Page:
Skin Cancer and Atopic Dermatitis

Publication: Letter to the Editor in response to the commentary, ‘Does a History of Eczema Predict a Future Basal Cell Carcinoma?
Elias PM, Williams ML.  J Invest Dermatol. 2013 Jan 22.  [Epub ahead of print] No abstract available.  PMID: 23340733

Synopsis and Significance:  Recently, a large Veterans Administration study showed an unexpected association between basal cell carcinoma, the most common ultraviolet-induced skin cancer, and a prior or current history of atopic dermatitis. In an accompanying commentary, it was suggested that the link could be the result of the patients’ prior treatments for eczema,  which often involves the topical use of immune suppressing drugs.  Systemic immune suppression is known to increase risk of skin cancer, particularly in individuals who have received organ transplants.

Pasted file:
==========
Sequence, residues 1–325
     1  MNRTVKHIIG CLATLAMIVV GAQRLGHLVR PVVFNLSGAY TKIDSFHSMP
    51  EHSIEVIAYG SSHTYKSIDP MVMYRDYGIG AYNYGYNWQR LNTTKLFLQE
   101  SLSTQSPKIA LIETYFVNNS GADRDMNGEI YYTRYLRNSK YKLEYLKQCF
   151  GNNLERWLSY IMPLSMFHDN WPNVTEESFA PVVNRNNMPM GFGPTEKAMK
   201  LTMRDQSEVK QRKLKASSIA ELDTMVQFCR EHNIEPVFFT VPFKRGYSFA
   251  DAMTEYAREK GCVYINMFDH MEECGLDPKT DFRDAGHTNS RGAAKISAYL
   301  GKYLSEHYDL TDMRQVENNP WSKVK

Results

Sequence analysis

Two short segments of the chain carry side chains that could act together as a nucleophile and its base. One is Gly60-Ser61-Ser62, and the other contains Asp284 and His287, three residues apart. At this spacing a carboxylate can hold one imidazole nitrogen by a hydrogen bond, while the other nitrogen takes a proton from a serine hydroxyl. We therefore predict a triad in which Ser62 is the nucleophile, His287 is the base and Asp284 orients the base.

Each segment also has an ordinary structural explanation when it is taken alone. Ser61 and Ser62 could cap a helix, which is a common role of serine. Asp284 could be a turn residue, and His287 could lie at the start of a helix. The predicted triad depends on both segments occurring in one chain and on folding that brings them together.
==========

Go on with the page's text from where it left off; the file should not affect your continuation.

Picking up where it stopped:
In our letter,  we note, however, that sun-induced cancers tend to occur at different sites than those most commonly involved with eczema, which might have been previously treated with topical anti-inflammatory agents.  In addition, we note that atopic dermatitis is highly associated with an inherited defect in a protein required for skin barrier function, called filaggrin. This association of atopic dermatitis with filaggrin deficiency is strongest for persons of Northern European ancestry – the same population at highest risk for skin cancer.

We also note that loss of filaggrin results in downstream depletion of a molecule called urocanic acid. This molecule is the most important filter of ultraviolet light in outermost layer of skin, the stratum corneum.  Hence, deficiency of urocanic acid would allow more damaging rays of light to enter the skin, and could account for the association between basal cell skin cancers and a history of atopic dermatitis.